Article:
As you can see, it’s a brand new brick and mortar facility. Up until July we ate in a large tent with wooden floors. Some of you may know that most DFACs in Iraq and Afghanistan are run by Kellogg, Brown and Root (KBR). They are usually pretty good. Nothing fancy, but all you can eat. We get steak and seafood at least once a week, and different choices of main dishes every night, along with ice cream and cake and your choice of drinks and side dishes and plenty of extras. It would be easy to get fat here, if not for the great gym.

And speaking of the gym, ours is one of the largest and best in Afghanistan, or so I’m told.

It looks like a tent, but it’s actually called a “clamshell”. Really, it’s just a big, semi-permanent tent. It has cardio machines, weight machines and free weights, along with mats and all kinds of other workout stuff.

And for our spiritual fitness, we have a nice chapel.

All faiths share the same building, so the services are coordinated throughout the weekend.

Lots of people find religion here; maybe it’s the danger, the boredom, or the loneliness. Whatever it is, the best church services I’ve been to have been in Iraq and Afghanistan.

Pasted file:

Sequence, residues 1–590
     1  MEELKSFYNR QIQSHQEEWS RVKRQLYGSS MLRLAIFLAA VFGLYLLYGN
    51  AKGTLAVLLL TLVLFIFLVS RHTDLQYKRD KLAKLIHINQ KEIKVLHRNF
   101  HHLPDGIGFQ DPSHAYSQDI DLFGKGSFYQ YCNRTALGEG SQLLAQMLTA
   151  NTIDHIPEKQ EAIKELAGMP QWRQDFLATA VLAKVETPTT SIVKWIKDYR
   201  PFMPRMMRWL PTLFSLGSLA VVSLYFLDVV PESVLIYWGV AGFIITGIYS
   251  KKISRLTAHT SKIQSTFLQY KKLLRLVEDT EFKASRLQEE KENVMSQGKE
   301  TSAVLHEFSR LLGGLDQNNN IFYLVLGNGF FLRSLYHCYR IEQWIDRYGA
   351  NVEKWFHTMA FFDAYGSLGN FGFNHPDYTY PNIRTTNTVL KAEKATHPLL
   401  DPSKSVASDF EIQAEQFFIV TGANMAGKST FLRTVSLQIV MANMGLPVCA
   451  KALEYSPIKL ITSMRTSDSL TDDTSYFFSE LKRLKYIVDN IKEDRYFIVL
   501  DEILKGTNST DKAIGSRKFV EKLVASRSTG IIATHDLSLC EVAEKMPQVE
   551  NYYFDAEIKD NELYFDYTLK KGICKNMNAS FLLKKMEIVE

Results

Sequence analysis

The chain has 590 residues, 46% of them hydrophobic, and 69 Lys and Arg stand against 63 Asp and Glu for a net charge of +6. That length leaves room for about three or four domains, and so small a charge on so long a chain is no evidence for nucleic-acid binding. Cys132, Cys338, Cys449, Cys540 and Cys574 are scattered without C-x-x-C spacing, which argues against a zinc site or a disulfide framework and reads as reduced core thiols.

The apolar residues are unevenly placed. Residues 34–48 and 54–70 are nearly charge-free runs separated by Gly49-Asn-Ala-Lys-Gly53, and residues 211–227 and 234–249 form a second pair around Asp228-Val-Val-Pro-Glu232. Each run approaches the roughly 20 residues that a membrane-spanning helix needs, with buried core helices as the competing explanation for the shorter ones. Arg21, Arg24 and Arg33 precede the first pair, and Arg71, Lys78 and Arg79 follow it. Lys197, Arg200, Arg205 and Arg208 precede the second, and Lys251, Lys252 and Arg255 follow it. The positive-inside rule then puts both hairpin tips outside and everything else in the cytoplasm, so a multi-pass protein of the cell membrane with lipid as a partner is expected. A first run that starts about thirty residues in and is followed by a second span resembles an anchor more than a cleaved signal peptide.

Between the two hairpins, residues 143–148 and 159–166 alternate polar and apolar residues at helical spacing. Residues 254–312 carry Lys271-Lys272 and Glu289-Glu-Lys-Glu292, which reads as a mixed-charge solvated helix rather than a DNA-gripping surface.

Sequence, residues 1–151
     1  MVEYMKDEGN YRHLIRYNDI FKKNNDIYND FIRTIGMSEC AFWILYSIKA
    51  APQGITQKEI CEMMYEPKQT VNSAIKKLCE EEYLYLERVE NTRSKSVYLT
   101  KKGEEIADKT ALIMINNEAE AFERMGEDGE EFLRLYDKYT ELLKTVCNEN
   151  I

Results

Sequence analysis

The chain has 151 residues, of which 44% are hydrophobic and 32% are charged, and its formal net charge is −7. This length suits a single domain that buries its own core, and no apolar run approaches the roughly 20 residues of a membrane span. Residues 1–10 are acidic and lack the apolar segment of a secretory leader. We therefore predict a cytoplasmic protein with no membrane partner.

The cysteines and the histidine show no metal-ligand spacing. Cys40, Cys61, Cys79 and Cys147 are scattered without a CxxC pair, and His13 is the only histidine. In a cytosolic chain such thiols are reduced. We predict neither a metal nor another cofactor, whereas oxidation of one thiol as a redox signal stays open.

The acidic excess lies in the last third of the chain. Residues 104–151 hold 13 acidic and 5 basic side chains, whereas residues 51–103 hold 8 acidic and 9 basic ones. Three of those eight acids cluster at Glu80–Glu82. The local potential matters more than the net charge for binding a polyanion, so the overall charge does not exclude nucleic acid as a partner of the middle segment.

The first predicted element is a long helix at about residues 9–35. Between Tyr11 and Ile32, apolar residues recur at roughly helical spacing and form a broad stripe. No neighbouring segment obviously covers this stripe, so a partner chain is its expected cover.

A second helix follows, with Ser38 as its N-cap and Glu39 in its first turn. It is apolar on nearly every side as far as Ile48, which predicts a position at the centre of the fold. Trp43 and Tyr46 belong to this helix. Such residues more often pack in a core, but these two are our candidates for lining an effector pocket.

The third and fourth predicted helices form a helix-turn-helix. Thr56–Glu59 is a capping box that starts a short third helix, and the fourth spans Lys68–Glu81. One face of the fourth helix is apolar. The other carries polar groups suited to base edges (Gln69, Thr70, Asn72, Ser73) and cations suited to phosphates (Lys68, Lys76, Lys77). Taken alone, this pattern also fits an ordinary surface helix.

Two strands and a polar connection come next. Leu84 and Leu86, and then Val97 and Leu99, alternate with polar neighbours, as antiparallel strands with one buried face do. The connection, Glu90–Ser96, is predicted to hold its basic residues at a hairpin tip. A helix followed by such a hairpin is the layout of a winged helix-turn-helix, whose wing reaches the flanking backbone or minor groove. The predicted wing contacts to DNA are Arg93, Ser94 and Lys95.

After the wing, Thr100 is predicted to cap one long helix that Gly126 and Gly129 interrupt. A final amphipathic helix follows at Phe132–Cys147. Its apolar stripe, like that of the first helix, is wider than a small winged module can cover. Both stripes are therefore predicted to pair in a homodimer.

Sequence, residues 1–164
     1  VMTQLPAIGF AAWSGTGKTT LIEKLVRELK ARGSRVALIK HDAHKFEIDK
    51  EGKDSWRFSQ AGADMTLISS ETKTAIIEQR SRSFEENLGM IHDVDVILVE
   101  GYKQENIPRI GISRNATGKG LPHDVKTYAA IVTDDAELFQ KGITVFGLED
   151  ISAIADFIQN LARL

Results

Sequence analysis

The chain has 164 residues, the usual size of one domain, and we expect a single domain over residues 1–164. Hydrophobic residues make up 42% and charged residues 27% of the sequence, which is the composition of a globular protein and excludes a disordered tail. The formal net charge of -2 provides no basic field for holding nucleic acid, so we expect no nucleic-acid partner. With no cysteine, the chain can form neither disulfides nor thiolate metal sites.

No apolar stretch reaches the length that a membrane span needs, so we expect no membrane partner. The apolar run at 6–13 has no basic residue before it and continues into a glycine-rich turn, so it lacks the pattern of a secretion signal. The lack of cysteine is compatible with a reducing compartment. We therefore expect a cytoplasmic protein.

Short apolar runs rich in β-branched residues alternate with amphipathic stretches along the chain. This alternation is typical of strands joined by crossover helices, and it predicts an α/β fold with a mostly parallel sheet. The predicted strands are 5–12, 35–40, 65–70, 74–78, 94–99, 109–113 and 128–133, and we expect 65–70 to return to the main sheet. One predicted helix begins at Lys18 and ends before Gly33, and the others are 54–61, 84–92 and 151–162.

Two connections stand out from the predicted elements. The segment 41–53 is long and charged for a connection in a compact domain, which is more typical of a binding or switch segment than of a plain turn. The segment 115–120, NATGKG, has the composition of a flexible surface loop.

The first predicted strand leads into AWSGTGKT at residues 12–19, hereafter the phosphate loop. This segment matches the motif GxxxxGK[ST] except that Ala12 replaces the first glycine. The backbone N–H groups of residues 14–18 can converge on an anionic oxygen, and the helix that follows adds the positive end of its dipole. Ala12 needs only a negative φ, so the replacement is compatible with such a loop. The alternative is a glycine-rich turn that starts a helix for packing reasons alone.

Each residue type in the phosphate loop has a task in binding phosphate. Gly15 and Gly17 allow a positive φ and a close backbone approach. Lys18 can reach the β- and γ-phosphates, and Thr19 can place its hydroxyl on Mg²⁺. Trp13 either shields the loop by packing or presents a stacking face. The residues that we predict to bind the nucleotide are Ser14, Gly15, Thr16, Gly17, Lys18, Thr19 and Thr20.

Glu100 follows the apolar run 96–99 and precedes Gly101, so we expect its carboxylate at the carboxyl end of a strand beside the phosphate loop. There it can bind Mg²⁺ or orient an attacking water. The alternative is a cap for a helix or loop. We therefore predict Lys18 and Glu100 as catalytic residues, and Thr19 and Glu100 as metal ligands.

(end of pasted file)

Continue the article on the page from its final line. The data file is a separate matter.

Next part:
It is strange to go to church with weapons racks in the back of the chapel, and handguns visible everywhere. But it’s nice to go to church without any pretension; no worries about what to wear or what you drive or who you are in the community.

There is a purity and simplicity to worship in a combat zone.

And finally, there are the places of entertainment and shopping;

the post exchange (PX), the mall (coffee shop, movie theater, embroidery shop, etc…), Subway Sandwich shop Morale, Welfare and Recreation (MWR), and finally, the bazaar.

the PX (Post Exchange)

t h e M a l l

the Subway

And our MWR has movies to loan, for free.
And books and a movie room and video games and pool tables, all for free.

I’ll have to do an entire post on the bazaar.

That is a sight to see; all the local vendor selling rugs and scarves and chests and jewels and anything else you can imagine. It’s a great place to get a little “local flavor” and to pick up some souvenirs and gifts.